Digital cameras and camcorders employ memory cards (flash-based removable media) for storage of captured content. There are different varieties of memory cards catering to various performance levels. CompactFlash (CF) became popular in the late 90s, but, has now been overtaken by Secure Digital (SD) cards. Many computing systems (PCs as well as smartphones) also support SD cards for augmenting local storage capabilities. High-end recording systems with fast storage requirements use CFast and/or XQD cards. We recently started in-depth evaluation of the performance of various memory cards. SanDisk sent us a SDXC, two microSDXC, a CFast 2.0, and a CompactFlash card from their portfolio for review.


SanDisk / Western Digital is one of the very few flash product vendors who manufacture their own flash memory. They have a comprehensive flash product portfolio targeting the content creators market. Their portable external SSDs and high-performance thumb drives take care of the post-ingestion portable storage requirements, while their range of memory cards service the actual in-camera storage market. Lexar (which used to be a division of Micron) has memory cards for all formats currently in use - SD, microSD, CompactFlash (CF), CFast, and XQD. SanDisk targets all formats other than XQD.

SanDisk sent 5 different cards for our evaluation:

  • SanDisk Extreme microSDXC UHS-I 128GB
  • SanDisk Extreme PRO microSDXC UHS-II 128GB
  • SanDisk Extreme PRO SDXC UHS-II 128GB
  • SanDisk Extreme PRO CompactFlash 128GB
  • SanDisk Extreme PRO CFast 2.0 64GB

Each of these five cards were subject to our comprehensive memory card evaluation routine. Readers will get an idea of the out-of-box performance as well as how the performance degrades after extensive usage.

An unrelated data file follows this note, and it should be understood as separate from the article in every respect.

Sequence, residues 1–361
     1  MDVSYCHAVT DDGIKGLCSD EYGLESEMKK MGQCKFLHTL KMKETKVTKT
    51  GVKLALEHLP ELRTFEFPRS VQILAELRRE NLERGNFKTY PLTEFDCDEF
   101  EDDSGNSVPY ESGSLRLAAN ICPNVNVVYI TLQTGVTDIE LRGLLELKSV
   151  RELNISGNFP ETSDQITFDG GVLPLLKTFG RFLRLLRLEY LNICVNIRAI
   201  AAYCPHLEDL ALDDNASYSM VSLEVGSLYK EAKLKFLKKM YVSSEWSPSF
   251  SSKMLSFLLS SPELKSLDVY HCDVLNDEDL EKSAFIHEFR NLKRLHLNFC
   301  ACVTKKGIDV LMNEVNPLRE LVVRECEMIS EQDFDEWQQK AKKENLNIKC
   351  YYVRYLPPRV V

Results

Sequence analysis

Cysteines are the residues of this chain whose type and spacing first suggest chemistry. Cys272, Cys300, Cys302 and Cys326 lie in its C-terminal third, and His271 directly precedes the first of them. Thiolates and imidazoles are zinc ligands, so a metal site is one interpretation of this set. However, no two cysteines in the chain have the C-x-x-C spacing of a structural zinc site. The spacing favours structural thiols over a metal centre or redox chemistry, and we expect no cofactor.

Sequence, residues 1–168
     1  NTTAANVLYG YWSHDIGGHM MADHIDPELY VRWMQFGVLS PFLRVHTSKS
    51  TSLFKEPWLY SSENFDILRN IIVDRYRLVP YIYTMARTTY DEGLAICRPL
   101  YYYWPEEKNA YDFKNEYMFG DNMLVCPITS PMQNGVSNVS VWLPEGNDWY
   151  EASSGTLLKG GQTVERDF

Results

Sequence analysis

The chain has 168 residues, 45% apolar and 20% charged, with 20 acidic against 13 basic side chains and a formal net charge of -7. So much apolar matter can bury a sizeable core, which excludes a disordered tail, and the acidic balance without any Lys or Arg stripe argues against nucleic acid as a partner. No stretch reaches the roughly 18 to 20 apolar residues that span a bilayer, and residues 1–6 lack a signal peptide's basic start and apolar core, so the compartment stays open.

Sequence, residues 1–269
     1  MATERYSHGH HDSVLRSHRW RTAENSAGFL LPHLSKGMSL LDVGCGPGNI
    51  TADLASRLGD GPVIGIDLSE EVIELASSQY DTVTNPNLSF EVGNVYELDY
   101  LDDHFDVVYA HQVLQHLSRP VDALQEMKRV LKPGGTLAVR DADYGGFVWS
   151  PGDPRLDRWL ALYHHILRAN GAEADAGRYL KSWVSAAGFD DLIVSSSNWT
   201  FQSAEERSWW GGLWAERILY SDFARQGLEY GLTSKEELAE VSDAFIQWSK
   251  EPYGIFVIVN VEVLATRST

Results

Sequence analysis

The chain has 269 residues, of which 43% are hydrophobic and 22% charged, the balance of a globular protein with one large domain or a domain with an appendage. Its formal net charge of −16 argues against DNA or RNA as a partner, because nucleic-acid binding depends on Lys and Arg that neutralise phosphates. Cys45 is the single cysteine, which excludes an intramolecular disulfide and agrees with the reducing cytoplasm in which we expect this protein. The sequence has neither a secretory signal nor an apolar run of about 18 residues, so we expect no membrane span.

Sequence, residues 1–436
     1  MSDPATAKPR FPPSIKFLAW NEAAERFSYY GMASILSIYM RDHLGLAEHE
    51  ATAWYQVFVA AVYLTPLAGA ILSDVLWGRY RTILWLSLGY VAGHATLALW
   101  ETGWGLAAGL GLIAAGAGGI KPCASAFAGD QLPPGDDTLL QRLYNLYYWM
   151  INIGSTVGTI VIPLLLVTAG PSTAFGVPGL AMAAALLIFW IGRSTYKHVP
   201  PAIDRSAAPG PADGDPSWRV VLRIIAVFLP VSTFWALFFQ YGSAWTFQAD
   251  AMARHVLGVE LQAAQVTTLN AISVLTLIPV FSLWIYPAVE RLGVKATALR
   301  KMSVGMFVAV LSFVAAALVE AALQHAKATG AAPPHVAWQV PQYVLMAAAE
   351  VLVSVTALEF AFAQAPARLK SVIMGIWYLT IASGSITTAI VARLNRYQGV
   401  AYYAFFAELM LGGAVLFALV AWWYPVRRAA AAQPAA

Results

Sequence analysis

The next four sections will detail the obtained performance numbers. Prior to that, we take a look at the testbed setup and evaluation methodology.

Testbed Setup and Testing Methodology

Evaluation of memory cards is done on Windows with the testbed outlined in the table below. The USB 3.1 Type-C port enabled by the Intel Alpine Ridge controller (It connects to the Z170 PCH via a PCIe 3.0 x4 link) is used for benchmarking purposes on the testbed side. SD and microSD cards utilize the Lexar Professional Workflow SR2 SDHC / SDXC UHS-II USB 3.0 Reader. A microSD to SDXC UHS-II adapter is used for the latter. CF cards utilize the Lexar Professional Workflow CFR1 CompactFlash UDMA 7 USB 3.0 Reader. The readers were placed in the Lexar Professional Workflow HR2 hub and uplinked through its USB 3.0 port with the help of a USB 3.0 Type-A female to Type-C male cable. CFast cards utilize the Lexar Professional Workflow CR2 CFast 2.0 Thunderbolt/USB 3.0 Reader via its Thunderbolt 2 port. The testbed connection was made through the Thunderbolt 3 to Thunderbolt adapter.

AnandTech DAS Testbed Configuration
Motherboard GIGABYTE Z170X-UD5 TH ATX
CPU Intel Core i5-6600K
Memory G.Skill Ripjaws 4 F4-2133C15-8GRR
32 GB ( 4x 8GB)